Obviously, if the funds were available, I'd be seriously for funding both....but considering the priorities and the funding; extending I-49 must take preference over anything else.


Taralyn said...

Normally, I'd use the Advocate too, but they didn't have a story on this. (Truthfully, road news is slow in this state...) I'll know now to scrutinize their articles a little extra, though.

Froggie said...

Anthony, let's see if Congress fixes the highway trust fund first, before you start believing that they'll splurge for I-49 South funding in the next highway bill.

Anthony Kennerson said...

Froggie...I'm well aware that the Transportation Trust Fund has to be reformed and protected before we can talk of any increase in funding. But given the need, I believe that Congress will step up to the plate and do the neccessary steps needed...and the pressure to fund infrastructure is simply too great to ignore.

Oh....and Congress really doesn't have much of a choice but to fund at least some of I-49 South in the next transportation reappropriations bill; since it is much further advanced than I-69; it can be justified on so many fronts (hurricane evacuation, an alternative for I-10 traffic between Lafayette and New Orleans); and most of it is already completed.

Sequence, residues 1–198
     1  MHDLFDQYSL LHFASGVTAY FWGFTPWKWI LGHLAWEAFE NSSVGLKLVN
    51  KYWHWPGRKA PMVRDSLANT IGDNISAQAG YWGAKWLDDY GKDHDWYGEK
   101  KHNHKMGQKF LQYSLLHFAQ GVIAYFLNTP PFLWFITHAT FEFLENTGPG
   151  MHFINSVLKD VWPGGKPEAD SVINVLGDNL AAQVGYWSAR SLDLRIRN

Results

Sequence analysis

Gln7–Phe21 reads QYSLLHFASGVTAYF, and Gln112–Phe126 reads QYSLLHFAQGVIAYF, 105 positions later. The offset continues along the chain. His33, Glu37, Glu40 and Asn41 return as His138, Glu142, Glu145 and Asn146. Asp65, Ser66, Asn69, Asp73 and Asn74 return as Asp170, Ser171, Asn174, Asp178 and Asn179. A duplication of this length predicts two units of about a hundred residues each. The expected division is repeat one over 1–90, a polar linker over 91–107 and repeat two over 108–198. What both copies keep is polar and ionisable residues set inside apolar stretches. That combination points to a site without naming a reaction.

And as for the funding issue: Remember that Louisiana isn't quite in the position that other states are in that the high oil prices area actually benefiting the state coffers by boosting state revenue...and a great deal of that revenue will be available to fund highway improvements. Last year, the state was able to fund the remaining sections of I-49 North from Shreveport to almost the Arkansas border....and the only reason they haven't been able to make it all the way to the border now is due to the crawfishing of AHTD officials in completing their side or the I-49/AR 549 connection. I see no reason why the state can't at least provide enough state matching funds to complete I-49 through Lafayette and at least as far as Morgan City; that would leave only the section from Raceland east to New Orleans to fund. The only fly in the ointment I can see would be if Western states like California which are currently "donor states" as far as highway funding is concerned (i.e., they get back less than they put in through user fee and gas tax revenue) attempt to change the formula to squeeze states like Louisiana and Texas from getting more than their share.....or if McCain wins and we see a continuing effort by more libertarian conservatives to push privatization through tolls and conversion of existing free highways to toll facilities. Considering the mass opposition the drove down the Trans Texas Corridor, I'd consider the latter scenario highly unlikely.